Traditionally there are two forms of floor art. While rangoli, characteristic of Western India (Maharashtra, Gujarat, Rajasthan) is a rainbow of colours, the other side of the spectrum are the floor art of Eastern India - Bengal, Orissa, Himachal where they use Alpana, a line drawing in rice powder paste. Since I'm more comfortable with the brush, I prefer the later, though with a difference. Instead of the traditional rice powder, I make use of gheru - powdered red clay.
Ever since we shifted to the new house (some 10 years back), our rangolis have become bigger and more experimental. Afterall, floor is one of the best canvases an artist can ask for!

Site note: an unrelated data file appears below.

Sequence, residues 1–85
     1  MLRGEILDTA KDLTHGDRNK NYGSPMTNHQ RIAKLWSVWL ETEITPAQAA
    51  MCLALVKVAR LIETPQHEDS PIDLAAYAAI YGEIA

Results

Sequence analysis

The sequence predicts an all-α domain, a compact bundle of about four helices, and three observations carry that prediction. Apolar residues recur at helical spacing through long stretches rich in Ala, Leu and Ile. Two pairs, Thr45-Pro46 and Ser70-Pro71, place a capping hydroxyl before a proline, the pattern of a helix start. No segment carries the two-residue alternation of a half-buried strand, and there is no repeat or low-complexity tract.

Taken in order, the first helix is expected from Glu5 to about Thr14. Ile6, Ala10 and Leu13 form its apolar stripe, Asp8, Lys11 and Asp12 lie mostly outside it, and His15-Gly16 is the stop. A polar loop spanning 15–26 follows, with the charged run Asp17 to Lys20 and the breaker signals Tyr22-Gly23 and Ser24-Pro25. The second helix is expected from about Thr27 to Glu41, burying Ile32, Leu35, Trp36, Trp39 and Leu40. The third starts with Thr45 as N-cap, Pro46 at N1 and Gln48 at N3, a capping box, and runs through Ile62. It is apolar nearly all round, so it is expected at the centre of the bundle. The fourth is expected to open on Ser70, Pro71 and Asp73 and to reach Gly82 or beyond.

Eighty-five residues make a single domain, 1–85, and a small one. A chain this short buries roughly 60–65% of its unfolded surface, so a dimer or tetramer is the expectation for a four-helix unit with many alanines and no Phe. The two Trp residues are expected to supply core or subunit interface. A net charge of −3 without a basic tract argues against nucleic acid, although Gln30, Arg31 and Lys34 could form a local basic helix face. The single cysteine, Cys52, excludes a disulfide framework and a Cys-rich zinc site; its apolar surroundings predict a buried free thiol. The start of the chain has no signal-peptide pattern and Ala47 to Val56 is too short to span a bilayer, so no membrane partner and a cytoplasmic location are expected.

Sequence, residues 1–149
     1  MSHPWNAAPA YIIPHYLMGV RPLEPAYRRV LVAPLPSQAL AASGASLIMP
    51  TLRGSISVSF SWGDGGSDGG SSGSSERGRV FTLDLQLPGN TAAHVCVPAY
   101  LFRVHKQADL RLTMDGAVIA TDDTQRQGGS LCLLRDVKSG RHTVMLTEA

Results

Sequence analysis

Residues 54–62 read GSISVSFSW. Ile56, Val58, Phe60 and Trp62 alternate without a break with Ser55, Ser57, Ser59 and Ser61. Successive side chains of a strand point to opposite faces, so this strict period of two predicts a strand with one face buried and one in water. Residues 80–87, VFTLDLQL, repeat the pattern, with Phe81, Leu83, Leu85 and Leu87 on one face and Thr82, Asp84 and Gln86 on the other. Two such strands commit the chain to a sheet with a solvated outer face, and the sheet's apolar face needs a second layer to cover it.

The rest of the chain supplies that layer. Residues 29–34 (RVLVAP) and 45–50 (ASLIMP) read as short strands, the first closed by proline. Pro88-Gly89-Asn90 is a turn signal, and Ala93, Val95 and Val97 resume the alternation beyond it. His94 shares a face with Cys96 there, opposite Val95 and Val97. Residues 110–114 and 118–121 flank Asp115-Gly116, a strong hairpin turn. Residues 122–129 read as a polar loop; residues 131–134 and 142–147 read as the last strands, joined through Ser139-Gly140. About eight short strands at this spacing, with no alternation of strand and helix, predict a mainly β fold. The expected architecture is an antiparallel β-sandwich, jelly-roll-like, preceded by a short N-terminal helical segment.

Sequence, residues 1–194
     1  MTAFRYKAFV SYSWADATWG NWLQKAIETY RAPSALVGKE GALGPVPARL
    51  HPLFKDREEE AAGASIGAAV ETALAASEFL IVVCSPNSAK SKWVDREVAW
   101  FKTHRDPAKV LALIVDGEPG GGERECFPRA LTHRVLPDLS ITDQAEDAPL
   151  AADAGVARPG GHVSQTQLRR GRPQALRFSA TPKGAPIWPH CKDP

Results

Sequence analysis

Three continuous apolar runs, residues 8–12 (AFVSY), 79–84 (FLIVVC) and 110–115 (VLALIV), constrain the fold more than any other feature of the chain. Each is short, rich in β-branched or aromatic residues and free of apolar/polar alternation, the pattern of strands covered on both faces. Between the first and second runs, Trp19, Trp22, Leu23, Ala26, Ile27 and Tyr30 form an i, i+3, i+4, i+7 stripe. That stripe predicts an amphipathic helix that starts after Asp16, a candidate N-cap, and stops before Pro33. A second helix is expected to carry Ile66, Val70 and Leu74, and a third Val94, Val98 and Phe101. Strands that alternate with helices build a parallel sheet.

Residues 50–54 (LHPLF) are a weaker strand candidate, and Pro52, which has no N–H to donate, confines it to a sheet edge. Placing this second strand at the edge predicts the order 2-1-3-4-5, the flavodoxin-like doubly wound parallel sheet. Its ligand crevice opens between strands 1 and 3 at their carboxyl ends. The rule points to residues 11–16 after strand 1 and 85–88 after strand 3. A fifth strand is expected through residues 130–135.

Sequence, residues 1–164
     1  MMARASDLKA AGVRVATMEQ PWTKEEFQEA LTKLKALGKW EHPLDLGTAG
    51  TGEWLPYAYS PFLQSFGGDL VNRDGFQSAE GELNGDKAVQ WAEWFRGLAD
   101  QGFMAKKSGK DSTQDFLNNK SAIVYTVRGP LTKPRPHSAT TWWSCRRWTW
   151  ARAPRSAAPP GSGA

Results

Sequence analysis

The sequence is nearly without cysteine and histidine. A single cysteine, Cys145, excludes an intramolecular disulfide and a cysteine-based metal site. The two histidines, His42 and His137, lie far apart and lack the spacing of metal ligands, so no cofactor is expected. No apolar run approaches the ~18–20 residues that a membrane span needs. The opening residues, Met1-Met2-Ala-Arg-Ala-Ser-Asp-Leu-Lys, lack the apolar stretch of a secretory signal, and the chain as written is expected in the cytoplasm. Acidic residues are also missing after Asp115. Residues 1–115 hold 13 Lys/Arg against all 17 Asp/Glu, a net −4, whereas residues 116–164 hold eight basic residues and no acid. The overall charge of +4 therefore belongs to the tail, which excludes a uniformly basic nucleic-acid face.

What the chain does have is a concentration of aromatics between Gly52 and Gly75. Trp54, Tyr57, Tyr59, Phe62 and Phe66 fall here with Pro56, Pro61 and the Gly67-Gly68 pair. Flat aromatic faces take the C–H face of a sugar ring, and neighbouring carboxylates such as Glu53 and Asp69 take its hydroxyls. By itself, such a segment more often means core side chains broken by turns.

Here's a showcase of what I've been doing since the last few years.
I'm a big fan of warli painting and tried to use it in this rangoli.
Next year was a bigger, geometric design.
This one's done by my elder sister. She applied gheru on a chart paper and made this neat design with poster colour. The flowers and diyas completed the beautiful design.
The best part is that this design mat is reuseable!
And this one's one of my favourite. Inspired by mehendi design, I made this rising sun which made best use of the entrance space.
The mirrors, the decoupaged matki and the diyas gave it a very pretty look at night.
And this year....
my younger sister gave me a helping hand :P
Measuring 9 equal squares was quite a task
But the final product surely brought a smile on my face :)
Hope you all had a beautiful Diwali!